I was relatively new to the teaching profession and had joined a reputed school in the city. I was asked to teach Indian history to middle school students.
Teaching history is no mean task. Usually considered a dull and boring subject, it requires a lot of effort to make it stimulating and interesting. How does one help children understand that our rich cultural heritage is not only relevant to us today, but that it has made a tremendous impact the world over? This is a challenge, indeed!
My colleagues told me to steer clear of the conventional method of teaching social studies. At this school, things were done differently. Now, I was nervous and began to wonder how I was going to manage. One of my senior colleagues told me that the chairperson of the school believed in the group teaching method, especially for social studies. She had been doing it very successfully since the school’s inception and insisted on teachers using the same method.
I spoke to some of the teachers about the method before going to my class. The lesson was “The Advent of the Mughals”. I hoped that the children’s interest wouldn’t dwindle and that I wouldn’t tire out from the constant pressure of keeping the lesson interesting. To my relief the students were already familiar with the teaching methodology. They had begun learning social studies by forming groups from grade VI. I gave them a brief introduction to the powerful dynasty and divided the class into four groups of nine children each. Each group was allocated a topic from the lesson.
The groups had to deal with the end of the Lodi dynasty and the invasion of Babur; Babur’s son Humayun, and Sher Shah Suri – I had two groups working on this topic because of its sheer volume. Two classes in the week were allotted for group discussions (the most difficult part of the whole method for the teacher – keeping students under control). Children in each group would discuss the major points and divide the work – making charts, models, preparing the introduction, conclusion, and content – among themselves. The sources for the presentation were textbooks, reference books either provided by the teacher or one of the students in the group, and websites (in order to save time I gave them website links they could look up.)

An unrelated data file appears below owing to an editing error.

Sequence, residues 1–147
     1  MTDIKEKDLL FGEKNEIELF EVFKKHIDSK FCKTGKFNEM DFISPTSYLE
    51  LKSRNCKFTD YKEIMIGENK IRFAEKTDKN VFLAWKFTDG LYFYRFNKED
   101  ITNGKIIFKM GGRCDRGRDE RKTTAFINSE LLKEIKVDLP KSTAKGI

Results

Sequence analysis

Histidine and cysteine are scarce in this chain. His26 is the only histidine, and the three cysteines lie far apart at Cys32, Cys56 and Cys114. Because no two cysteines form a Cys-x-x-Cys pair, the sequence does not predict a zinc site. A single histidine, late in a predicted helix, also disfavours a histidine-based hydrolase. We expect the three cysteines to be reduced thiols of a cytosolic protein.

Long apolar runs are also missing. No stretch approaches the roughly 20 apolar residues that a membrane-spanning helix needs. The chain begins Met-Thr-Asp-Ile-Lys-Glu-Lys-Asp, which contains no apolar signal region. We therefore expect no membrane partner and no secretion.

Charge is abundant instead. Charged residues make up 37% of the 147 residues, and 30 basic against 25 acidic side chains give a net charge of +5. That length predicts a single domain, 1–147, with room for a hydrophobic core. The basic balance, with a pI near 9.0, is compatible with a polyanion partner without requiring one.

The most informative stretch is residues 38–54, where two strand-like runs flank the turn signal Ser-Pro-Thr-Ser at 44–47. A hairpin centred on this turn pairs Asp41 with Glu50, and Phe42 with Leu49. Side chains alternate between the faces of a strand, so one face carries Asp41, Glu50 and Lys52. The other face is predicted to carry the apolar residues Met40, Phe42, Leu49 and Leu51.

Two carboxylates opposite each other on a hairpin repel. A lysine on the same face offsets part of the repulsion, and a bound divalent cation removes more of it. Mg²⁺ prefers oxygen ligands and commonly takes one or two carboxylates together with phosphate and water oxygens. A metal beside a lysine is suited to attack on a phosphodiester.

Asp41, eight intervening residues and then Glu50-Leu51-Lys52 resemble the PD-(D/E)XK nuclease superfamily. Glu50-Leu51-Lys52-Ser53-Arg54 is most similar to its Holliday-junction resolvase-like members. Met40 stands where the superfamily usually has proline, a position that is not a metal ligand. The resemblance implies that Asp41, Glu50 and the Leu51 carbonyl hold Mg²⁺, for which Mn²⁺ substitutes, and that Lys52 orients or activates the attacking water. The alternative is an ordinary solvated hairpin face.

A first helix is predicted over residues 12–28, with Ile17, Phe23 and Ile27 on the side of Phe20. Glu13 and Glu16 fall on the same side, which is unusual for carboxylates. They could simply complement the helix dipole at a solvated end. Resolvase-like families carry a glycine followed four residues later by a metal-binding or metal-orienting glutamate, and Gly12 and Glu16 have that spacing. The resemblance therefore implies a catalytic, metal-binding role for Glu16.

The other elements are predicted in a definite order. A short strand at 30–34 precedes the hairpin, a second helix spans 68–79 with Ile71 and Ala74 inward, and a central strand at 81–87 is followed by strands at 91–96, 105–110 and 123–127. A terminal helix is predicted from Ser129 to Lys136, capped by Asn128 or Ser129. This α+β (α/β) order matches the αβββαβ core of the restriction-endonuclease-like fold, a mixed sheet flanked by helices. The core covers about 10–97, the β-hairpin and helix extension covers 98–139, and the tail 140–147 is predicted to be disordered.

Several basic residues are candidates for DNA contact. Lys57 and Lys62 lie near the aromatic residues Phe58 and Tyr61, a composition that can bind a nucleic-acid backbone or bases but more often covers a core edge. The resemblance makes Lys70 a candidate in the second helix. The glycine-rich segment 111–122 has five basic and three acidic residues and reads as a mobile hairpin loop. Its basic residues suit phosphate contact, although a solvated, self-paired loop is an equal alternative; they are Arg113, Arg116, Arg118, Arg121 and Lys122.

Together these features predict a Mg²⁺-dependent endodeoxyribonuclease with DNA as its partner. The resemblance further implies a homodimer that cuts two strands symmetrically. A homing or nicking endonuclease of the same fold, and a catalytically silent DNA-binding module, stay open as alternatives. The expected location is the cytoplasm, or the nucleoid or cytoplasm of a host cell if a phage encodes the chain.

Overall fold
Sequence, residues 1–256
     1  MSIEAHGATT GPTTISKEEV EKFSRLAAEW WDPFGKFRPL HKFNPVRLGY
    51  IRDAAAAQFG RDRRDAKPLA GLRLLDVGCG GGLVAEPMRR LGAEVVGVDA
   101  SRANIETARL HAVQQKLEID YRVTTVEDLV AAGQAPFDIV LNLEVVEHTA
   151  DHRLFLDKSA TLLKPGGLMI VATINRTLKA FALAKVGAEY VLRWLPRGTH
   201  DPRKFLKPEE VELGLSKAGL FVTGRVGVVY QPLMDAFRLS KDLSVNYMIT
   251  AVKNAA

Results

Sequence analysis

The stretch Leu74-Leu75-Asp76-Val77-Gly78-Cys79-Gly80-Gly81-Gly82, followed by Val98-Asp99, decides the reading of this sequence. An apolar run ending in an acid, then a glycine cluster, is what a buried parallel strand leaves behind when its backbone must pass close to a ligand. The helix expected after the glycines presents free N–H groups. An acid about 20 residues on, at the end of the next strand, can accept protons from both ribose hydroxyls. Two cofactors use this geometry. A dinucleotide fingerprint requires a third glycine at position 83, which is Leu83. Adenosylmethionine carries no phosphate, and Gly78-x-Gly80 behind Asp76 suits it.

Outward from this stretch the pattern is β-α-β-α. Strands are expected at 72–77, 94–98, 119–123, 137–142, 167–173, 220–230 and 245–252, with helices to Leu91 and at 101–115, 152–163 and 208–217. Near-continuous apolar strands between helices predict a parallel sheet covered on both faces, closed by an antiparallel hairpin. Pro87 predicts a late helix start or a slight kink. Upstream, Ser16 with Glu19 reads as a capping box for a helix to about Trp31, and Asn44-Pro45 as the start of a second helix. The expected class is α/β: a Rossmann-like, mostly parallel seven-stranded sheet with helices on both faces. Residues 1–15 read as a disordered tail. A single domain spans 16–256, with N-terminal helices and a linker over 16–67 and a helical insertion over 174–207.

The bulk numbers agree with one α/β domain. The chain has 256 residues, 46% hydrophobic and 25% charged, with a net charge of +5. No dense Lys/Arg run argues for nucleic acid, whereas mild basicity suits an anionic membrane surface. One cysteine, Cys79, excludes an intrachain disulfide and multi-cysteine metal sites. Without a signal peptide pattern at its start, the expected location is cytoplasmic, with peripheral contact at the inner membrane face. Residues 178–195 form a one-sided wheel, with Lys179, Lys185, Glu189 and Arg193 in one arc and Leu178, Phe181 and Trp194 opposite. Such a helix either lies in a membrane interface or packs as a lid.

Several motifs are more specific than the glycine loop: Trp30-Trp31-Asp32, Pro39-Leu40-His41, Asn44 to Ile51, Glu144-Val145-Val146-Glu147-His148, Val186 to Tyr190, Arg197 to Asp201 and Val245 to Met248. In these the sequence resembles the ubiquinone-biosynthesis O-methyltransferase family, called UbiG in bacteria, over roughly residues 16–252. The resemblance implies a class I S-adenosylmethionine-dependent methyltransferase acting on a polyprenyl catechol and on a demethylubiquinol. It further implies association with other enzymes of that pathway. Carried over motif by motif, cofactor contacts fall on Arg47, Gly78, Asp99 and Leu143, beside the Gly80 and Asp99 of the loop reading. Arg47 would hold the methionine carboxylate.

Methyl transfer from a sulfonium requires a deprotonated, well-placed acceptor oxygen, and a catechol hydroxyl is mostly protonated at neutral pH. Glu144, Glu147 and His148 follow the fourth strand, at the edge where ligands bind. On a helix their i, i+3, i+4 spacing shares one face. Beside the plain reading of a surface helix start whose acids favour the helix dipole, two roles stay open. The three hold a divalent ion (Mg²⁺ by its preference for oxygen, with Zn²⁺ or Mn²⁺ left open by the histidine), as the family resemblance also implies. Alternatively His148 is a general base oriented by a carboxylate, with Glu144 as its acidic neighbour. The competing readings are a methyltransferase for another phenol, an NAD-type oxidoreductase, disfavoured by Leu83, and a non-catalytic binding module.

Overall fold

I was eager for the day of the presentations to arrive. The children had been coming up to me with doubts and also getting my approval for information and pictures that they had collected almost every day. I was curious to see their efforts. I had already informed them that the marking would be for “introduction, presentation, content, aids used, and conclusion.” The first group came forward with their papers and charts. The group leader stepped out to introduce her group and gave an introduction that was very appealing and then the rest of her group members engaged the other students with useful information, maps, and pictures. I had two continuous classes and I had asked all the four groups to give their presentations. To my utter surprise and pleasure I was led on a most enjoyable journey through the early modern period. It was a wonderful voyage into the beginning of the ‘two and a half centuries rule’ by a single dynasty, presented with the help of charts and pictures, models and skits, within 80 minutes.
I found the method extremely productive and one that kept the students on their toes. When one group presented, the others listened and cleared doubts. To keep their attention intact I asked the groups to give each other scores and that would add to the tally of the score I gave them. At the end, the group members quizzed the audience and I found that there were many hands raised – the students’ interest never deserting them.
After all the groups complete their presentation, a couple of days are allotted for class assignments. This is for the formal evaluation to assess the students’ understanding of the lesson.
The author is a teacher at Nasr School for Girls, Hyderabad. She can be reached at firstname.lastname@example.org.